Manufacturing can double down workflows with analytics and AI.
The manufacturing industry currently is in the midst of the industrial revolution, leveraging advanced cutting-edge technologies for smoother operations. With the rise of the fourth industrial revolution, manufacturers are witnessing a significant growth of connected machinery and equipment that generate a voluminous amount of industrial data, which is valuable if processed and interpreted effectively. Unlike generated by various big data sources like social media, industrial data promises much potential in improving the process, machines and envisage future needs of manufacturing.
In order to stand out in today’s highly-competitive business environment, manufacturers must deliver data-driven decisions powered by artificial intelligence. This will enable very lucrative business outcomes for manufacturing companies. Integrating data, analytics and AI together within a business process, firms can even differentiate themselves while minimizing costs and protecting margins.
As AI deployment can cause massive disruption in the manufacturing industry, KPMG found that automation could save companies 75 percent of operating budgets.
Big Data Wave in Manufacturing
Big Data in manufacturing is rapidly taking a stronghold making the industry more complex. And to garner and derive value from it, this large volume of data needs to be processed effectively. Using advanced analytics can assist in decoding complex manufacturing processes, and replaces human decisions with automated algorithms while making production more efficient and faster.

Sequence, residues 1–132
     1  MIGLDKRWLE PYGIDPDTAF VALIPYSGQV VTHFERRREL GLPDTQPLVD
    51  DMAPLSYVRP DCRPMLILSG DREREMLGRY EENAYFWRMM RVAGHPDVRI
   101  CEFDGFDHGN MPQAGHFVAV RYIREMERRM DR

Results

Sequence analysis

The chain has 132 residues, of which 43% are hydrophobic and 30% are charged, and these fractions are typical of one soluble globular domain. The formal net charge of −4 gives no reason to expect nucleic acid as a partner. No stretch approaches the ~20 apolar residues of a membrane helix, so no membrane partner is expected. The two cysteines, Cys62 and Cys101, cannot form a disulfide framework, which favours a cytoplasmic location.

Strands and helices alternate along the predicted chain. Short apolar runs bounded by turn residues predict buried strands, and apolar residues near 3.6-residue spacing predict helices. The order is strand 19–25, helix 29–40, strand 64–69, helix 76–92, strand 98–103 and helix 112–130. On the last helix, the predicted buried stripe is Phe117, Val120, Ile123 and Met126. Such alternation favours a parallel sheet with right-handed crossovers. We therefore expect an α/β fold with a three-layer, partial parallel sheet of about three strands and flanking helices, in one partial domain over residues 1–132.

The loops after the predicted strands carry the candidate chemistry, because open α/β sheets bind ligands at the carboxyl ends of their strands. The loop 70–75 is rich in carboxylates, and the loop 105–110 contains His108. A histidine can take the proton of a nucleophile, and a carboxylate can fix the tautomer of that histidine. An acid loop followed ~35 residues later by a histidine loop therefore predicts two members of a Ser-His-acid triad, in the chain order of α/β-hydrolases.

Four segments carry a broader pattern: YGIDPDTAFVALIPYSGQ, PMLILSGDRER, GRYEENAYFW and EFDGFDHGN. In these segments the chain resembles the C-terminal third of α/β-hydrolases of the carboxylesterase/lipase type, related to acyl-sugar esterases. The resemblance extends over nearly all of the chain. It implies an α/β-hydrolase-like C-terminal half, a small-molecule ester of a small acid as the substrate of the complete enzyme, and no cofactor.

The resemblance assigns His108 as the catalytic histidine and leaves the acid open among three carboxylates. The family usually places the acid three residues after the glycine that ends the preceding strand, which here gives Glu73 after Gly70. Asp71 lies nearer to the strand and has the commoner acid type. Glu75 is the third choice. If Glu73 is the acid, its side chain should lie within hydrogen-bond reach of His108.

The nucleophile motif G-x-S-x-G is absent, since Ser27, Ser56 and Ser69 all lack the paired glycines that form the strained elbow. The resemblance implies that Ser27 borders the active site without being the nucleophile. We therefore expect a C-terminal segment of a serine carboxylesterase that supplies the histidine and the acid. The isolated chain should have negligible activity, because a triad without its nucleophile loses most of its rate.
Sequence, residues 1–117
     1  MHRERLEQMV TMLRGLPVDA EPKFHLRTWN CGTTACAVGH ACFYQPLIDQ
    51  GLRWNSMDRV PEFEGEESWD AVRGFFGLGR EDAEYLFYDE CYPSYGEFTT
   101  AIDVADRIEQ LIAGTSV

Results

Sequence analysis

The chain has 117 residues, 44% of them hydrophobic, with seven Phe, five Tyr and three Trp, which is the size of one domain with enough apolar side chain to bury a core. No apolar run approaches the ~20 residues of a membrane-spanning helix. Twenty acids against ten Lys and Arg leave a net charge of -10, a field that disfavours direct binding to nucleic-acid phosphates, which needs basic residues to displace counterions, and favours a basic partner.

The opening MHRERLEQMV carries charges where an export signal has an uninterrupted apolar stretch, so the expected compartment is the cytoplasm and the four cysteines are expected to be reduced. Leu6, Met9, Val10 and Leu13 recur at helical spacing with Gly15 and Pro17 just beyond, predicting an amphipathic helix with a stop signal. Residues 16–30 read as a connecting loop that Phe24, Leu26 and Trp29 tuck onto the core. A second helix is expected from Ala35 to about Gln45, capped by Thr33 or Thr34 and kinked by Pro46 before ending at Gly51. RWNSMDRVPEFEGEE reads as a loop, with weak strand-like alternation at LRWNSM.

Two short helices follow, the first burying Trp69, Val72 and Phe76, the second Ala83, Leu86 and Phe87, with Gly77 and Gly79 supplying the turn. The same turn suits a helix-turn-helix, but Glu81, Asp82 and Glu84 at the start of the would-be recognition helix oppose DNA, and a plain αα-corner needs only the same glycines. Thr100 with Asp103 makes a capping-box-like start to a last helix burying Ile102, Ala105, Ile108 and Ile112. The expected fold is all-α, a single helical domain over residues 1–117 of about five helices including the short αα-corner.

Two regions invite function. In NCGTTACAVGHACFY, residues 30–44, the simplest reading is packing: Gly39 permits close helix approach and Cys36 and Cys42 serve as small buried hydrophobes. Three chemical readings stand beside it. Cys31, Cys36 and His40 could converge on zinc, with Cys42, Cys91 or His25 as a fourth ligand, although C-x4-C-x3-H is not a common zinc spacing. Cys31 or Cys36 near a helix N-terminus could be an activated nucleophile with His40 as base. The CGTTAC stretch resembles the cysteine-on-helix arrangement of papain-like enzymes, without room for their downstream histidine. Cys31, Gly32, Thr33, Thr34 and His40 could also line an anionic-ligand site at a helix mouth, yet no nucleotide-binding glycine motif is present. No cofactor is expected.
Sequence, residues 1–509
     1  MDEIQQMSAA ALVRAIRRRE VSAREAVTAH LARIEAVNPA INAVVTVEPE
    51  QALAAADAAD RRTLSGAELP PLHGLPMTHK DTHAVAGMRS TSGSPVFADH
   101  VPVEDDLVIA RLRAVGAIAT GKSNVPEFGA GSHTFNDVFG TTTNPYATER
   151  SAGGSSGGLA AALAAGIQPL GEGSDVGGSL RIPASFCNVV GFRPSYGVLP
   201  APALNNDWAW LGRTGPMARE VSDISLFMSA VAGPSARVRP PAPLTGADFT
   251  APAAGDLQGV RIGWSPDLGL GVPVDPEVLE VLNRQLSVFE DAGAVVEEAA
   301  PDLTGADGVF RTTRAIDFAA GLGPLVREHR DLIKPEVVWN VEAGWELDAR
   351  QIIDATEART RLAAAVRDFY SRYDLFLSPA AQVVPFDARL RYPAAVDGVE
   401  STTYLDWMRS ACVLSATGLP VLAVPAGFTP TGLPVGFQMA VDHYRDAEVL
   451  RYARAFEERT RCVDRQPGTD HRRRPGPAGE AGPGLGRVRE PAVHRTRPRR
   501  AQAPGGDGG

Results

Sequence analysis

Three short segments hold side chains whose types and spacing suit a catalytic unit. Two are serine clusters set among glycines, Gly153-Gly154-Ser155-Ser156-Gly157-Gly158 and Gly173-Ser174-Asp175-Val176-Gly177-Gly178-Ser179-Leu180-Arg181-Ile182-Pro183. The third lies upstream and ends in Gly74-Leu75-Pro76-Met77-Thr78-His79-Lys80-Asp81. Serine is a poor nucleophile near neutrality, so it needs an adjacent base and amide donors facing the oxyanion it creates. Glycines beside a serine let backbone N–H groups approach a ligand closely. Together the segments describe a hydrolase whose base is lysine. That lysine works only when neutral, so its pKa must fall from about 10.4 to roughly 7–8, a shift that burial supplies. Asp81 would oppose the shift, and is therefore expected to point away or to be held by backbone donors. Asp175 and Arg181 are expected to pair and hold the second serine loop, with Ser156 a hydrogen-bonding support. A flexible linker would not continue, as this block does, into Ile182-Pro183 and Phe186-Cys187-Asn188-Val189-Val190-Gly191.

Big Data has positively disrupted the manufacturing industry by creating entirely new business models, services and products. Even it can enable to reuse existing datasets for an unintended purpose. The use of big data to create algorithms could lead a number of applications such as personalized recommendation engines, machine learning for fraud and anomaly detection, and image analysis.
Manufacturers often challenged by predicting product demand, inventory management, efficiency, skilled labor deficiency, and gaining increased ROI. In this way, capitalizing on data analytics can help add a new dimension to these challenges by optimizing production and enhance efficiency. In a predominantly process-driven industry, dig data technologies can also improve product quality and cut manufacturing costs.
Intel, for instance, has developed over a dozen of data-intensive projects that have boosted the company’s operational efficiency and bottom line. The semiconductor manufacturing giant has been unlocking the power of big data for its processor manufacturing for some time now. Using big data and predictive analytics has helped Intel to significantly lessen the number of tests required for quality assurance, enabled the company to save whopping US$3 million in manufacturing costs for a single line of Intel Core processors.
Reaping Benefits of AI
There is no clandestine that AI has the potential to transform and automate every industry, and manufacturing is not an exception. The technology along with the rapid development of robots are already changing all aspects of manufacturing. With the capability of real-time monitoring, AI can encounter production bottlenecks, track scrap rates, and ultimately meet customer delivery times. It is predicted that the global artificial intelligence in the manufacturing market will grow at a CAGR of 55.2 percent from US$513.6 million in 2017 to US$15,273.7 million in 2025.
Applications of AI has also the potential to transform the manufacturing value chain, from optimizing manufacturing supply chains to assisting manufacturers in anticipating market changes. They can formulate predictions of market demands by looking at patterns linking location, socioeconomic and macroeconomic factors, weather patterns, political status, and consumer behavior, among more.